Friday morning came relatively quickly after a night spent above the old garage at the Weed Rockafeller estate.   Swans were photographed, Mount Shasta was seen in the morning light, and we hit the road nice and early toward the Oregon Border.   It had been forever since I had been to Oregon and I had forgotten just how mountainous the southern part of the state is.   This was my kind of drive.   After a long morning on the road we arrived at our first stop in the south-western suburbs of Portland.

Raccoon Lodge is one of the more interesting brewpubs that I’ve been to.   It’s a large place, with a sizeable brewery on the ground floor, a big restaurant upstairs, and a large back yard complete with beer tent and outside bar.   The ground floor also has a raccoon themed arcade or sorts for the kids, which allows them to peer through the glass windows to the brewery and watch as brewers fill towering stacks of oak barrels with the beers that will become Cascade Brewing’s award winning sour ales.   I’m still not why the brewery is called Cascade, and the pub Raccoon lodge, but it is slightly confusing.   The upstairs wasn’t anything exceptional, atmosphere-wise, but I can imagine spending plenty of warm summer afternoons out on the back lawn or under the tent.   After Trying a sample flight upstairs, (all were pretty good, with the Summer Gose and Frite Galois being exceptionally good) we were able to get a tour of the brewery with one of the brewers, Jonathan, who kindly poured us samples and chatted in between cleaning out oak barrels.   Cascade has an interesting take on sour ales, using only lactic acid producing bacteria of their own proprietary mix, and no wild yeasts in their production process.   Jonathan let us sample a batch of their Blackberry ale that had become infected with brettanomyces, and it definitely had a dry earthiness and funk that their beers normally lack.   It might have been even better than the regular version though, and is being kegged as a special release.   Overall, Raccoon Lodge is a must see for those visiting Portland.   Soon though, they are also opening the Cascade Brewing Barrel House closer to downtown.   I can imagine this being the new hot spot in town for those interested in barrel-aged beers.   Next time, it’ll be first on our list of places to go.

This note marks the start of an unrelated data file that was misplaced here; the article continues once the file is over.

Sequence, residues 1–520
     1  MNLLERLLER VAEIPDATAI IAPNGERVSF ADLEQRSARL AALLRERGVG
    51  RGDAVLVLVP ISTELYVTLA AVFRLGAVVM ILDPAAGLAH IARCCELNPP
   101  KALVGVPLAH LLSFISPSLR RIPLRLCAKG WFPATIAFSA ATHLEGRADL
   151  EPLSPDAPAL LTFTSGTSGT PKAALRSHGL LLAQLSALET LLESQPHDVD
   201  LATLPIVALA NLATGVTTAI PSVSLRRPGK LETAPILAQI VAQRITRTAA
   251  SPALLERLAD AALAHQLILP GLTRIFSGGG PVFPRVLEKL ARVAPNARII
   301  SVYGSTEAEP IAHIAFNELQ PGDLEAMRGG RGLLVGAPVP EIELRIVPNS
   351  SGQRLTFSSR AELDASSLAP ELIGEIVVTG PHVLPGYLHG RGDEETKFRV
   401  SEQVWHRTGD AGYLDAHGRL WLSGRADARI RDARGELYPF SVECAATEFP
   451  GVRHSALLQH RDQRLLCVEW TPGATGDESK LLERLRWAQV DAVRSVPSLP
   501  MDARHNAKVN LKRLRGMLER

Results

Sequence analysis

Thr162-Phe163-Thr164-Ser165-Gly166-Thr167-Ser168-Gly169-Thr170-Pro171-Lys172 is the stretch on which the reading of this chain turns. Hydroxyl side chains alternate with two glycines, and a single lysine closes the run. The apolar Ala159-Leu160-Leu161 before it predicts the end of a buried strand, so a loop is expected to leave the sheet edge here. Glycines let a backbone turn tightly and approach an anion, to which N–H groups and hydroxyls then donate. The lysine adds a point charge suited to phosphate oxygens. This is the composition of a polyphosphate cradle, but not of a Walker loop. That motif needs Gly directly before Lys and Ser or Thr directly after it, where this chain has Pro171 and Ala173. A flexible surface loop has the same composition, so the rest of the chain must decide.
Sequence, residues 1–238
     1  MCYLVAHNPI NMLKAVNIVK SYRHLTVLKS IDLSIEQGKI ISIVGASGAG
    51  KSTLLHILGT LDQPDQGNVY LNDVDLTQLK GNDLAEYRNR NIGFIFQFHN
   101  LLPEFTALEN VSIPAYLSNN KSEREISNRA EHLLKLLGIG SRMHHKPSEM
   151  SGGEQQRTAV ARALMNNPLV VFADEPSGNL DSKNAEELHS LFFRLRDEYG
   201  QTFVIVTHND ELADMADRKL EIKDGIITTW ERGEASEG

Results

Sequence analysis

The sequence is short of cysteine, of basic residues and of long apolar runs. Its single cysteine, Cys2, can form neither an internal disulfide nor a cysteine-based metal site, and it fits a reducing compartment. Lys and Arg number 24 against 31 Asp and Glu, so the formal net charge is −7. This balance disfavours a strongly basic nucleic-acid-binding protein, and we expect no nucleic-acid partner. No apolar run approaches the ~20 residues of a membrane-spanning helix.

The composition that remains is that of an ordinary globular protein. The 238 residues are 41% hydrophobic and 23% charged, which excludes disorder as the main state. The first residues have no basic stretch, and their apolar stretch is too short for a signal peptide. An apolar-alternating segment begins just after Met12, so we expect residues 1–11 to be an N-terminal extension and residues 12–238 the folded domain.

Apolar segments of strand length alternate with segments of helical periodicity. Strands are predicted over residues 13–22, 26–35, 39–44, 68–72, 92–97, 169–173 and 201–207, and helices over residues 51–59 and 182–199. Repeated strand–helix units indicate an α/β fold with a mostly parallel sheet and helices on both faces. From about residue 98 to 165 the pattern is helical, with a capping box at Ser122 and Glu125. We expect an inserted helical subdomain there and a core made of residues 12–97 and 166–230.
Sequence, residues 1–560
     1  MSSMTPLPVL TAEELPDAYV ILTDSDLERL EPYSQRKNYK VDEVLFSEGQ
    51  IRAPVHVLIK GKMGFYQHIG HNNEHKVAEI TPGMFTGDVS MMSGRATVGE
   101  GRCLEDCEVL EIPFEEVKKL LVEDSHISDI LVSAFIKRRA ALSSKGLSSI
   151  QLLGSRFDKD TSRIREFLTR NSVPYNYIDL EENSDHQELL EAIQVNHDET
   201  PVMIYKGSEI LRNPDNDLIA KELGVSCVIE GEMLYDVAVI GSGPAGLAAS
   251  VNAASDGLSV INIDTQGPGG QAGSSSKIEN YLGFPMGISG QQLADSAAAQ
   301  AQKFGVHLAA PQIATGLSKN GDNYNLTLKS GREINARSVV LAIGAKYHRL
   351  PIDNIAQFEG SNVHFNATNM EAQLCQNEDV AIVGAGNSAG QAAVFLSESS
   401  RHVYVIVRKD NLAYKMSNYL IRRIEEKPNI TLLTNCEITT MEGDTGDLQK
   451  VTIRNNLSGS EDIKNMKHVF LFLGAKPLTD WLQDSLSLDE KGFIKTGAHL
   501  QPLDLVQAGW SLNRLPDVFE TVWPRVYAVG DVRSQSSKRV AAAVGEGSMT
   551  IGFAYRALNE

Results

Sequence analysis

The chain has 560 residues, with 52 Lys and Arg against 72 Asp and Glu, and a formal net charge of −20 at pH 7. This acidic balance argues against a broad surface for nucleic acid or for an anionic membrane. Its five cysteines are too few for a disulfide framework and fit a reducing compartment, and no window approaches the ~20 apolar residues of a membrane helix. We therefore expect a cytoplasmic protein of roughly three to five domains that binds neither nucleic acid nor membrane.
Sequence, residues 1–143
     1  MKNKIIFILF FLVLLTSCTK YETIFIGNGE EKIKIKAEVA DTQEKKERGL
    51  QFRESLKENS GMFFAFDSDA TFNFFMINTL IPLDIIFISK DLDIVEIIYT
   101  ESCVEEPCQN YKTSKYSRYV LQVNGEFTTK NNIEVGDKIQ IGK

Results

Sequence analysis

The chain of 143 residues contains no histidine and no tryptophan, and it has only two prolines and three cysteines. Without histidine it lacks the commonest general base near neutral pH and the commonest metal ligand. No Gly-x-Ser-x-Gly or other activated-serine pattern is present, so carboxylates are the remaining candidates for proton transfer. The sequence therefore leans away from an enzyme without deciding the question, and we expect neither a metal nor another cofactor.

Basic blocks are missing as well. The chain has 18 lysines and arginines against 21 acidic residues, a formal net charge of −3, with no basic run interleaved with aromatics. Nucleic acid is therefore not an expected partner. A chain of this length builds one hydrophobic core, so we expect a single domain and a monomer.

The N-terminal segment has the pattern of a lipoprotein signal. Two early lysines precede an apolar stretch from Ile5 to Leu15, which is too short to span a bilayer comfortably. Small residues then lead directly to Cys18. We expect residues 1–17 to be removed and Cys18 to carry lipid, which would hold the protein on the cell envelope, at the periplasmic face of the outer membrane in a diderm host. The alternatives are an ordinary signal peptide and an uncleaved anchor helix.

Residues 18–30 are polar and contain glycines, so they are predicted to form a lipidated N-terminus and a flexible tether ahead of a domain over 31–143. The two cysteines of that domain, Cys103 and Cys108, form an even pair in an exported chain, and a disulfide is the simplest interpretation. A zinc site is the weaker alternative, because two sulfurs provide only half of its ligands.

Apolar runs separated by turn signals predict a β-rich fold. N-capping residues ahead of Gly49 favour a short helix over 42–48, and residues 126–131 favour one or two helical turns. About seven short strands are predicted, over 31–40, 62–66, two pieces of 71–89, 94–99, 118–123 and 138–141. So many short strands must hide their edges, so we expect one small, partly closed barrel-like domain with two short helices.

After checking in to our hotel near the convention center, it was a short walk over to Upright Brewing.   Upright has to be one of the more unique breweries that I’ve been to for several reasons.   For one, it’s located in a basement and you would never know you were going to a brewery as you descend in the elevator from the hallway outside a small cafe in a seemingly random building next to the Rose Garden.   Upright is also unique for the type of beers that they produce: Belgian-influenced farmhouse ales.   They brew a core lineup of beers with Wyeast’s French Saison yeast strain.   Four is a table saison, Five is a hoppy mid-strength saison, Six is a dark rye saison, and Seven is a strong blond saison.   All share the house yeast character and are fermented in open fermenters that you are free to check out through glass as you sample beers in the tasting room which doubles as a corner of the brewery next to the cold box.   I like what these guys are doing, and they really stand out as unique among the more typical breweries of the area pumping out IPAs, pale ales, porters and the like.   They even had a gruit on tap, as well as a barrel-aged version of Four with rose petals and yarrow, and a special version of Six spiced with long peppercorns.   I would definitely check back in on these guys the next time I’m in Portland.   There’s no telling what they’ll have come up with by then.

After dinner at an awesome little vegan Italian restaurant called Portabello, we decided to check out Hopworks Urban Brewery.   Hopworks is located in the southeast quadrant of the city and is not only completely organic brewpub, but they also make vegan pizzas with Daiya cheese!   After getting all excited about that, I never actually had the pizza, but I think it’s awesome that they have the option for those who don’t eat dairy.   The pub was going off when we got there around eleven.   Hopworks has an industrial, mountain bike theme going on with lots of welded bike parts and metal mixed with unfinished wood decor.   I decided to go for the sampler, and have to say that I was overall very impressed with their beers.   Their HUB Lager, a helles, was very impressive, as was their Pils.   I love a brewpub that can make a good pale lager; it shows the true skill of the brewer.   The Hopworks IPA is also a standout, as is their 7 Grain Survival Stout, made with seven grains including quinoa, kamut, and rye.   It’s a normal strength stout, but has all the flavor if most imperial stouts, maybe even more.   Hopworks also had a couple beers on cask, which I like to see at a brewpub.   Overall, I was quite charmed by the place.   The beers were mostly excellent (the imperial black esb was questionable) and I really dig their eco ethos and commitment to cycling.   Hopworks proves that you can be an organic brewery and still brew quality beers in the standard styles.   I would never have guessed that they were organic by tasting the beers, and with my past history with organic beers, that’s quite a compliment.   Count this as another one that I would love to drink a mug of their delicious lager at on my next trip.